Momentum Grows for Bold Democracy Reform

The For the People Act Is Poised To Become Law in 2021

In the next several months, Congress is poised to pass the For the People Act, transformative democracy reform legislation.

People cast votes on the second day of in-person absentee and early voting in Columbia, South Carolina, October 2020.
People cast votes on the second day of in-person absentee and early voting in Columbia, South Carolina, October 2020. (Getty/Sean Rayford)
In order to avoid a downward spiral into a political system unable to fairly represent the views of its citizens, far-reaching structural reforms are immediately needed to protect our democracy.

The United States is the world’s oldest democracy. However, as President Joe Biden noted in his inaugural address, democracy itself is precious and fragile.1 The nation recently witnessed a deadly insurrection designed to stop the peaceful transition of presidential power, built on months of rampant disinformation about the election results. These challenges were compounded by the deadly COVID-19 pandemic, racial injustices aimed at Black Americans, rampant voter suppression, and a second impeachment of former President Donald Trump. In order to avoid a downward spiral into a political system unable to fairly represent the views of its citizens, far-reaching structural reforms are immediately needed to protect our democracy.

Recognizing that democracy reform is a foundational issue, the Democratic leaders in the U.S. House of Representatives and Senate are prioritizing passage of the For the People Act of 2021 (H.R. 1/S. 1), arguably the most consequential people-empowering legislation since the Civil Rights Act of 1965.2 Not only would this sweeping set of structural solutions help Americans build trust in government, it would produce long-lasting change so that everyone, including Black and brown communities, has a meaningful shot at achieving the American dream.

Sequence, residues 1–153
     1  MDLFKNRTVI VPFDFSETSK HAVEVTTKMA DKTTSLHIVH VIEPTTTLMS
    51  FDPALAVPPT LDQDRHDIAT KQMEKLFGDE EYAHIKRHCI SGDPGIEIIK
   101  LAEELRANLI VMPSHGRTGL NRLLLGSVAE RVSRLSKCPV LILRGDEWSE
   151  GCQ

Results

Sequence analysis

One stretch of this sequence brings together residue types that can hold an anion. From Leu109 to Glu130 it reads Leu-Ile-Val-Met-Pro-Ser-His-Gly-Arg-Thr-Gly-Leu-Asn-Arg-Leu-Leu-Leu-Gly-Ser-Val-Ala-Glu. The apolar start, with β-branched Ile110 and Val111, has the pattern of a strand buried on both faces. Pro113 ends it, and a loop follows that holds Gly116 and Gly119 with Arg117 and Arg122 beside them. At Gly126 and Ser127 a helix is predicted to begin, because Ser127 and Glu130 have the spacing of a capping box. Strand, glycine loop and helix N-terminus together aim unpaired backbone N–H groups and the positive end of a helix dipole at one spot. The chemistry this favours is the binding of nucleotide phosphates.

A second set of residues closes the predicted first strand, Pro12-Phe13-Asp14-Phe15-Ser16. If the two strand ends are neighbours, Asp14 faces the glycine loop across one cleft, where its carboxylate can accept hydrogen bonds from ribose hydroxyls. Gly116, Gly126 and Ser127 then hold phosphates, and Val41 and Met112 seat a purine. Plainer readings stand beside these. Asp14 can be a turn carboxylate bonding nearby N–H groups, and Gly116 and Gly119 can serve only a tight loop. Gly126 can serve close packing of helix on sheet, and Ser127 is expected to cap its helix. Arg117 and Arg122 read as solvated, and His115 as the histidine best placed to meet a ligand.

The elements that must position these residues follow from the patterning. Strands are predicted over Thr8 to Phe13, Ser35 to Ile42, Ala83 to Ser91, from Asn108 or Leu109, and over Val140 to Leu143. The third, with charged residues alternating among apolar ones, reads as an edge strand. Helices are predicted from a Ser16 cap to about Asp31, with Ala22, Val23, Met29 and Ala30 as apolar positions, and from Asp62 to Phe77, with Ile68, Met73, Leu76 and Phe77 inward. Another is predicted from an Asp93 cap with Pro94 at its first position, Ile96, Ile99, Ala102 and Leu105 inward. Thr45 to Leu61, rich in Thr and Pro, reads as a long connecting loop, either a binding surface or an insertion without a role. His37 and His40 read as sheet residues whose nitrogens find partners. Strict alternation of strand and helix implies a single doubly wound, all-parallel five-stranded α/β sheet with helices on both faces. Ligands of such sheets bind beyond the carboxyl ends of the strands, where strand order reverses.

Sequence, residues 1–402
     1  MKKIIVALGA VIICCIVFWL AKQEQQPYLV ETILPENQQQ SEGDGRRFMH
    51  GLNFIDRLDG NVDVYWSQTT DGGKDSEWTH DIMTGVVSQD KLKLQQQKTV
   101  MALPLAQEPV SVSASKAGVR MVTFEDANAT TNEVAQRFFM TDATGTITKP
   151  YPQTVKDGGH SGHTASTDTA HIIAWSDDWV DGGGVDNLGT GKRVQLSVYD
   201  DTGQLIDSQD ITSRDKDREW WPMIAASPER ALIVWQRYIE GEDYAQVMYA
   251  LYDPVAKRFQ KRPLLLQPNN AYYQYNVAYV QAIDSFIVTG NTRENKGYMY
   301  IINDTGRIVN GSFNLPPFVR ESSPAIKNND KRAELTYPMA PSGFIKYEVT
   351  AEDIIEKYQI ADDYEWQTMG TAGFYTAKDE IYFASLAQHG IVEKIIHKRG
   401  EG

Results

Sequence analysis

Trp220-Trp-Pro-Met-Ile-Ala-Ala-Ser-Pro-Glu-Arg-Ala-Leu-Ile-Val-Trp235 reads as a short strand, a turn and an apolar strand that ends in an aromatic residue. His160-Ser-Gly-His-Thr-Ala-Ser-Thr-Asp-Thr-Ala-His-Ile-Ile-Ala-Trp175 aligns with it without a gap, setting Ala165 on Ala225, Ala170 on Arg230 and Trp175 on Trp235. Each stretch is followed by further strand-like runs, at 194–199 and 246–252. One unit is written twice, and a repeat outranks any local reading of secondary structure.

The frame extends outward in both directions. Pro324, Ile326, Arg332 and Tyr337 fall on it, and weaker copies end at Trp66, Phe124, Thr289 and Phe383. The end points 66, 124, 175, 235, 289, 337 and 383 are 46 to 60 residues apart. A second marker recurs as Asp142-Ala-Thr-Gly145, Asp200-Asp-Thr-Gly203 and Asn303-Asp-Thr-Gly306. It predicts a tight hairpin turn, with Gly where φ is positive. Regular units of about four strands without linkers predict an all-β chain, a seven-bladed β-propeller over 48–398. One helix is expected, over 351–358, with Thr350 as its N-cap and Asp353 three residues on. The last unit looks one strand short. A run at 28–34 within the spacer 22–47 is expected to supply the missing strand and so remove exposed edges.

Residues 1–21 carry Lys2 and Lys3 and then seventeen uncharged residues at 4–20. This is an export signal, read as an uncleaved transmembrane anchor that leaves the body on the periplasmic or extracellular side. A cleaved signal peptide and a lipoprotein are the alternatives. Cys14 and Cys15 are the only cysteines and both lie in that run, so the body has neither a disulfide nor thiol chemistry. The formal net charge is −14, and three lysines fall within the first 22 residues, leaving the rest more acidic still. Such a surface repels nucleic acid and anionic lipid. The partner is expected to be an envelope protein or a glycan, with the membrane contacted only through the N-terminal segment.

Background on the For the People Act

In March 2019, the House passed the For the People Act before then-Majority Leader Mitch McConnell (R-KY) blocked the legislation in the Senate.3 In the following two years, the imperative for democracy reform has only grown.

Trump’s insurrection was a full-scale refusal by anti-democracy forces to relinquish their power to a racially diverse electorate yearning for a competent and inclusive government.

On January 6, 2021, the nation watched in horror as white supremacists and others in an anti-majoritarian mob, encouraged by Donald Trump and some Republican members of Congress, attacked the U.S. Capitol. Their objective was clear: to violently overturn the presidential election results by stopping Congress’ constitutional tallying of electoral votes—and even killing lawmakers “if given the chance.”4 This attempted coup, which resulted in the deaths of five people, including one Capitol police officer, was built on months of lies and lawsuits from Trump and his allies, who claimed that Biden’s victory was fraudulent, that voting irregularities predominantly plagued Black and brown communities, and that millions of votes should have been thrown out.5

Even Trump’s own attorney general concluded that there was no evidence of widescale election fraud, and the government’s top cybersecurity official determined that the 2020 election was the most secure in U.S. history.6 Trump’s incitement of insurrection resulted in the House impeaching him for an unprecedented second time, with House impeachment managers stating that his misconduct was “a betrayal of historic proportions” and Rep. Liz Cheney (R-WY), a senior Republican leader in the House, concluding that “there has never been a greater betrayal by a President of the United States of his office and his oath to the Constitution.”7

Trump’s insurrection was a full-scale refusal by anti-democracy forces to relinquish their power to a racially diverse electorate yearning for a competent and inclusive government. Although unprecedented, this constitutional crisis was the culmination of decades of structural decay, where factors such as secret “dark money” spending; outsize influence over policymaking by wealthy special interests; voter disenfranchisement; partisan and racial gerrymandering; foreign interference; and rampant corruption have rigged the system against hardworking families and small businesses.